cfDNA Sequencing: Technological Approaches and Bioinformatic Issues

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Cell free circulating DNA (cfDNA) refers to DNA fragments present outside of cells in body fluids such as plasma, urine, and cerebrospinal fluid (CSF). CfDNA was first identified in 1948 from plasma of healthy individuals [1]. Afterward, studies showed that the quantity of this cfDNA in the blood was increased under pathological conditions such as auto-immune diseases [2] but also cancers [3]. In 1989, Philippe Anker and Maurice Stroun, from the University of Geneva, demonstrated that this cfDNA from cancer patients carries the characteristics of the DNA from tumoral cells [4]. Next, using the recently developed technique of PCR, David Sidransky and his team found the same mutations of TP53 in bladder tumoral samples and urine pellets from patients [5]. Then, the research and identification of genomic anomalies specific of a cancer type in the circulating DNA, such as NRAS and KRAS mutations or HER-2 amplifications [6,7,8], started to expand, and for the first time, the term of circulating tumor DNA (ctDNA) appeared.

Since the highlighting of this circulating DNA of tumoral origin, technological developments in molecular biology, from quantitative and digital PCR to Next Generation Sequencing, turned it into a powerful liquid biopsy tool. At the era of precision medicine, it seems crucial to identify molecular alterations that will be able to guide the therapeutic management of patients. As tumors release DNA in the blood or other body fluids such as urine, this circulating tumoral DNA, containing the molecular characteristics of the tumor, can be collected with a simple body fluid sample. Since it is minimally invasive, this liquid biopsy is easily repeatable during follow up and in case of relapse. It is also of major interest in some particular cancers where a tumoral biopsy is difficult to obtain such as primary central nervous system lymphoma [9] or cancer subtypes with tissue biopsy containing very little tumoral cells such as Hodgkin lymphoma (HL) for which Reed–Sternbeg cells represent only 0.1 to 2% of the tumoral mass [10,11]. In these particular conditions and malignancies, the sequencing of ctDNA in body fluids could serve as a surrogate for a tumor biopsy. Other body fluids than blood are often used according to the localization of the tumor, such as urine for bladder cancers or cerebrospinal fluid for cerebral tumors [9,12] but blood is the body fluid most often used in studies.

In blood, average cfDNA concentration in healthy individuals can range between 0 and 100 ng/mL of plasma with an average of 30 ng/mL of plasma and is significantly higher in blood of cancer patients, varying between 0 and 1000 ng/mL, with an average of 180 ng/mL [13]. This concentration is correlated with the stage of the cancer, increasing with higher stages, and the size of the tumor. Circulating DNA of tumoral origin represents from 0.01 to more than 90% of the total cell free DNA found in blood [14]. In different types of cancers, a large scale ctDNA sequencing study has shown an association between ctDNA levels and mutational tumor burden [15]. Moreover, given the spatial heterogeneity observed in tumor tissue, ctDNA analysis can determine the complete molecular landscape of a patient’s tumor and give supplementary information on drug targetable alterations and resistant variants [16]. ctDNA kinetics during follow up is correlated with prognosis, as a drastic reduction in its level after treatment is associated with better prognosis, whereas an increase usually means the evolution of drug resistant clones and an ultimate therapeutic failure [17,18,19,20].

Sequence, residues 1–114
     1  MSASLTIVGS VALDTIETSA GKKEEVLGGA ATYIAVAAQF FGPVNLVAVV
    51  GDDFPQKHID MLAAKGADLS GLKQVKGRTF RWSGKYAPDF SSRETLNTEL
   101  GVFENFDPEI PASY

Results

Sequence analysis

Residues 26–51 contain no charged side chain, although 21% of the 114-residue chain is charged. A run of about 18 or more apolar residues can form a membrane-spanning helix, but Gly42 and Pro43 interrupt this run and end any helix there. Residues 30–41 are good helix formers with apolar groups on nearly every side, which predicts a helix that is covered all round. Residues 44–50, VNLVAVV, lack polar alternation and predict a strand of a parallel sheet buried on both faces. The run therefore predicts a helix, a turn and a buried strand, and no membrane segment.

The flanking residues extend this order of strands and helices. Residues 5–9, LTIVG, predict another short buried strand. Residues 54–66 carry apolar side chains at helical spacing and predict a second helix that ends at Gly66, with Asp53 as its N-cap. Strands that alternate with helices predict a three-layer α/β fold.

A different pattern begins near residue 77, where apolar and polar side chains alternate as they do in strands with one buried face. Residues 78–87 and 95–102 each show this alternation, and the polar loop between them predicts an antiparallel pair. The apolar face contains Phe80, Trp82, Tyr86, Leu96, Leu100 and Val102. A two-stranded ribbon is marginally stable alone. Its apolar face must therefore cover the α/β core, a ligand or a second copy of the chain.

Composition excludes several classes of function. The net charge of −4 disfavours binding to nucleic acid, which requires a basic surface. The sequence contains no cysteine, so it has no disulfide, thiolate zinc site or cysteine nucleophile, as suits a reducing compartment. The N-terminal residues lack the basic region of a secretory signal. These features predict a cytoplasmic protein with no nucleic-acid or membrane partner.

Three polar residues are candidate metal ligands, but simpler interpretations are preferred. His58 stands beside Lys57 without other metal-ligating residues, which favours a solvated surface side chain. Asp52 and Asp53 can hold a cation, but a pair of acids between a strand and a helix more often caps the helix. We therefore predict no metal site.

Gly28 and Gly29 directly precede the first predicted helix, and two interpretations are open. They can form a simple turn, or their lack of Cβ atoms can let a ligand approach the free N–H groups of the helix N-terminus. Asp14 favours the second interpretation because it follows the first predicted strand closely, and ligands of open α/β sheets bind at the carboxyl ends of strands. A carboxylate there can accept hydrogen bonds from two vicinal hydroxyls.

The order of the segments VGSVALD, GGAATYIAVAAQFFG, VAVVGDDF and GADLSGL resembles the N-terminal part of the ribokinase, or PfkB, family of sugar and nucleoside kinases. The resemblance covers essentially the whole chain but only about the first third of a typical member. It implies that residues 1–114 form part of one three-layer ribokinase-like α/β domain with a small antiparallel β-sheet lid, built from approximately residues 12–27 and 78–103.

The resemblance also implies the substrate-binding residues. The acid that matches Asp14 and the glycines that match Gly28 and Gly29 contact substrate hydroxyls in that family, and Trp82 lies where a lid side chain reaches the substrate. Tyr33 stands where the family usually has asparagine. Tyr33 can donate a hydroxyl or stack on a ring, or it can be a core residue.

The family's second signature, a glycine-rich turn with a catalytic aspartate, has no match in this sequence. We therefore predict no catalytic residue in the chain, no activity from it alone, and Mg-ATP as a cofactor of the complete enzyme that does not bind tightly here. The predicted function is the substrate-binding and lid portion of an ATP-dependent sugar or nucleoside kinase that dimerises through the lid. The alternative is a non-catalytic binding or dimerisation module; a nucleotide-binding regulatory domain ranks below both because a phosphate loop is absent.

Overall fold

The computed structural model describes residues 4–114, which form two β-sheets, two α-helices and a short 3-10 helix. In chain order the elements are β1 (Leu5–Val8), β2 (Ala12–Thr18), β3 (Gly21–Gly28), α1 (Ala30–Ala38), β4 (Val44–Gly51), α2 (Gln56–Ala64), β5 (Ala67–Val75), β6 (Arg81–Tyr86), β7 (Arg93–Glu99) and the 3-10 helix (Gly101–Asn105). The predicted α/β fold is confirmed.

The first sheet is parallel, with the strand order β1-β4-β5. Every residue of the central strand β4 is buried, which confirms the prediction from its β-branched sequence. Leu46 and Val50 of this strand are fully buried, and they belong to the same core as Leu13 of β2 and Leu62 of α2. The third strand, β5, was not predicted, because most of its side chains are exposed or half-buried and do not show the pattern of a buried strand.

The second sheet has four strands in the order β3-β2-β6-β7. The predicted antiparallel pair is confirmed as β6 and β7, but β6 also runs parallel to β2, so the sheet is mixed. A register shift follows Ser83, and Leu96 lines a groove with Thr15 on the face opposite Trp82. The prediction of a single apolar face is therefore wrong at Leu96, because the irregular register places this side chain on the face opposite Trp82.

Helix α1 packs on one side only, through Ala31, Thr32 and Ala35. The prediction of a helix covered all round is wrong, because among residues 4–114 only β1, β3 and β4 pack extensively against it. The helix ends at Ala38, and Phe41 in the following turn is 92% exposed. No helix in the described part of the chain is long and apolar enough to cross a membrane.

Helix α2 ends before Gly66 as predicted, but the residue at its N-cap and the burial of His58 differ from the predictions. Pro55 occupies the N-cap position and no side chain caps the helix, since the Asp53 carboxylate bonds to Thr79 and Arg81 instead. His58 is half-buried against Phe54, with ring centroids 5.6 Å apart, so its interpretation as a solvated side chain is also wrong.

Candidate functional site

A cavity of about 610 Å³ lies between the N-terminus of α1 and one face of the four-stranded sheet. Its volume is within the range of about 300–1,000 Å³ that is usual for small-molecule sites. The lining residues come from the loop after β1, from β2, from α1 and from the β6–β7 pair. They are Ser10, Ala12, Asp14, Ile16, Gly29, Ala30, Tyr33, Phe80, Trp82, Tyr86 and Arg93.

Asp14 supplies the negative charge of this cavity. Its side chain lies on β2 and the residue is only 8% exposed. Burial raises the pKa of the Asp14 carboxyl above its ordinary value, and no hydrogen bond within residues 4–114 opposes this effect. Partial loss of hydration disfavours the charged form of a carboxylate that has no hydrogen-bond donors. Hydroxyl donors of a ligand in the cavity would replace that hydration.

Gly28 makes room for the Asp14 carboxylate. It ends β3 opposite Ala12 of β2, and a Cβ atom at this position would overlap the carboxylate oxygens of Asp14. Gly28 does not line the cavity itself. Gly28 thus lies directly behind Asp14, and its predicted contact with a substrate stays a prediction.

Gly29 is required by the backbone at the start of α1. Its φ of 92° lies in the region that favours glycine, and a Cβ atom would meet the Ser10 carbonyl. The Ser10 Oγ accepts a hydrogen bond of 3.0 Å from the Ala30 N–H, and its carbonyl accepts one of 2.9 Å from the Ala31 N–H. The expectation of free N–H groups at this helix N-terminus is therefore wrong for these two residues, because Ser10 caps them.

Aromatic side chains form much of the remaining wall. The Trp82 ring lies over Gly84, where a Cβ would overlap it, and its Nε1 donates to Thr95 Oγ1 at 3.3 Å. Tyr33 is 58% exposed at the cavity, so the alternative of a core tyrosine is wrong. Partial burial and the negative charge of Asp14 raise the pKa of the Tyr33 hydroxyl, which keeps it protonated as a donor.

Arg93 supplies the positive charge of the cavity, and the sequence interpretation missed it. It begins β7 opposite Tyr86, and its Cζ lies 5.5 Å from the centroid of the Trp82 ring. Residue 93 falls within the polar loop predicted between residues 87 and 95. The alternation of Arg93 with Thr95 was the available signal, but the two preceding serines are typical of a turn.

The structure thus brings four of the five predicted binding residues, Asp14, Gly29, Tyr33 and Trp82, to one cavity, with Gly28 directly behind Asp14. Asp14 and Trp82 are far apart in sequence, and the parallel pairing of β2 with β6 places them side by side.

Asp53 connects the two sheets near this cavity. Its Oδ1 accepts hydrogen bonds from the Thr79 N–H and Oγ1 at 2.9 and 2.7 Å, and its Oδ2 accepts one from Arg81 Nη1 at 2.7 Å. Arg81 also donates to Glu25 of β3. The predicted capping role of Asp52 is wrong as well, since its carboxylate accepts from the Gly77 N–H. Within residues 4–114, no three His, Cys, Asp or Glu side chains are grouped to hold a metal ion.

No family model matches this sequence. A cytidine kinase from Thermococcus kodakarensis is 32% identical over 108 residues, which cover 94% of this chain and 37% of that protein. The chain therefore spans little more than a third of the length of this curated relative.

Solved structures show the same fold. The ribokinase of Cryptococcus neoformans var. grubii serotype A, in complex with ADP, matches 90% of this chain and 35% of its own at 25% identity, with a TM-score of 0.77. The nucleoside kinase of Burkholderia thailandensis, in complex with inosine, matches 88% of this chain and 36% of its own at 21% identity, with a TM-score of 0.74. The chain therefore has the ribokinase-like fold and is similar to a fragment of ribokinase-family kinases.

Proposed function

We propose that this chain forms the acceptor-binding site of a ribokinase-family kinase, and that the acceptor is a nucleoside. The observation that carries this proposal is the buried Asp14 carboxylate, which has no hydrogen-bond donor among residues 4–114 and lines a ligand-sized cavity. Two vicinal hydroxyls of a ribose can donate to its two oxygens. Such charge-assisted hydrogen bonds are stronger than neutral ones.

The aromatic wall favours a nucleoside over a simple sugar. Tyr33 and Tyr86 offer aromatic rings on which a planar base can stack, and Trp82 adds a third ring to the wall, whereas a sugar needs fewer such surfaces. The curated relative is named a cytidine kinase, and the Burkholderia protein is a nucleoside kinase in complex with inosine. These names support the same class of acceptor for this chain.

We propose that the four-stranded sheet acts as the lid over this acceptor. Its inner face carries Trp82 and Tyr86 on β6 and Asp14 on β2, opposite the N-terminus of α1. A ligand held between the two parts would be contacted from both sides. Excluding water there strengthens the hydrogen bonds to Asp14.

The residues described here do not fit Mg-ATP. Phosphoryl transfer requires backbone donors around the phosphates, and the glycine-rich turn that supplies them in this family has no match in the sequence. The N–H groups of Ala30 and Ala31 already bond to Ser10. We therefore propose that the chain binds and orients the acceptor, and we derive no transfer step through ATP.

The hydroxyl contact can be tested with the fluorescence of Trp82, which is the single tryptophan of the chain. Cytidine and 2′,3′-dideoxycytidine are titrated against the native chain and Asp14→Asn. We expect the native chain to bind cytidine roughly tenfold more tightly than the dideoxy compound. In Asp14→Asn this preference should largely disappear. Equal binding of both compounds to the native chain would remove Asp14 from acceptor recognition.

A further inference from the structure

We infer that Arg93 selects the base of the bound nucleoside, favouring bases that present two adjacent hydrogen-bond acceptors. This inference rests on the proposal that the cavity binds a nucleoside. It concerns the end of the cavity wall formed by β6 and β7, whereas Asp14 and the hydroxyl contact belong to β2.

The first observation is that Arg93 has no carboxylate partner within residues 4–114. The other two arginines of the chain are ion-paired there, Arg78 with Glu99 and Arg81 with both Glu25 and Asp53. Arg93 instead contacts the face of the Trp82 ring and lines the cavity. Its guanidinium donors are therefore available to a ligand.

Detection of ctDNA during MRD follow up to predict early relapse and at diagnosis in early stages of cancer continues to be a challenge, as the fraction of tumoral DNA contents in total circulating DNA may be <0.01% [21,22]. The development of sequencing technologies being more and more sensitive allows the detection of alterations present in cfDNA at very low variant allele frequencies (VAF), not only for mutational profiling at diagnosis but also for the early detection of disease recurrence and monitoring for therapy response. However, several parameters can affect the sensitivity of ctDNA detection. First, adequate handling of the blood sample, from blood collection to the quality control of the cfDNA extracted, is crucial in analysis. Next, an important step is the choice of the biomarker (s) and the sequencing technology used to detect it. Then, bioinformatic analysis, using error suppression algorithms, is the ultimate tool to discriminate the true variant from false positives.

无细胞循环DNA(cfDNA)指的是体液中细胞外的DNA碎片,如血浆、尿液和脑脊液(CSF)。cfDNA最早在1948年从健康个体的血浆中被发现[1]。此后,研究表明,这种cfDNA在血液中的数量在如自身免疫性疾病[2]等病理状态下增加,以及癌症[3]。1989年,日内瓦大学的Philippe Anker和Maurice Stroun展示了癌症患者的cfDNA携带了肿瘤细胞DNA的特征[4]。接下来,使用新开发的PCR技术,David Sidransky及其团队在膀胱肿瘤样本和患者的尿沉渣中发现了相同的TP53突变[5]。然后,对循环DNA中特定癌症类型的基因组异常的研究和识别,如NRAS和KRAS突变或HER-2扩增[6,7,8]开始扩展,首次出现了循环肿瘤DNA(ctDNA)这一术语。

自从突出了这种肿瘤来源的循环DNA以来,分子生物学的技术发展,从定量和数字PCR到下一代测序,使其成为了一个强大的液体活检工具。在精准医学时代,识别能够指导患者治疗管理的分子改变似乎至关重要。由于肿瘤释放DNA到血液或其他体液如尿液,这种含有肿瘤分子特征的循环肿瘤DNA可以通过简单的体液样本收集。由于它是微创的,这种液体活检在随访和复发时容易重复。它在某些难以获得肿瘤活检的特定癌症中也非常重要,如原发性中枢神经系统淋巴瘤[9]或组织活检中肿瘤细胞很少的癌症亚型,如霍奇金淋巴瘤(HL),其Reed–Sternbeg细胞仅占肿瘤质量的0.1到2%[10,11]。在这些特殊条件和恶性病中,体液中的ctDNA测序可以作为肿瘤活检的替代品。除了血液外,根据肿瘤的位置,常常使用其他体液,如膀胱癌的尿液或脑瘤的脑脊液[9,12],但血液是研究中最常用的体液。

在血液中,健康个体的平均cfDNA浓度可以在0至100 ng/mL血浆之间,平均为30 ng/mL血浆,而癌症患者的血液中则显著更高,变化在0至1000 ng/mL,平均为180 ng/mL [13]。这个浓度与癌症的阶段相关,随着阶段的提高和肿瘤大小的增加而增加。肿瘤来源的循环DNA占血液中发现的总无细胞DNA的0.01%到90%以上[14]。在不同类型的癌症中,一个大规模ctDNA测序研究显示ctDNA水平与突变肿瘤负担之间存在关联[15]。此外,鉴于在肿瘤组织中观察到的空间异质性,ctDNA分析可以确定患者肿瘤的完整分子景观,并提供关于可药物靶向的改变和耐药变异的补充信息[16]。随访期间ctDNA动态与预后相关,治疗后其水平的急剧减少与更好的预后相关,而增加通常意味着耐药克隆的发展和最终的治疗失败[17,18,19,20]。

在MRD随访期间检测ctDNA以预测早期复发,在癌症早期阶段诊断中继续是一个挑战,因为总循环DNA中的肿瘤DNA比例可能小于0.01%[21,22]。越来越敏感的测序技术的发展允许在非常低的变异等位基因频率(VAF)下检测cfDNA中存在的改变,不仅用于诊断时的突变分析,也用于疾病复发的早期检测和治疗响应的监测。然而,几个参数可能影响ctDNA检测的敏感性。首先,从采血到提取的cfDNA的质量控制,血液样本的适当处理在分析中至关重要。接下来,选择生物标志物和用于检测它的测序技术是一个重要步骤。然后,使用错误抑制算法的生物信息学分析是区分真变异和假阳性的最终工具。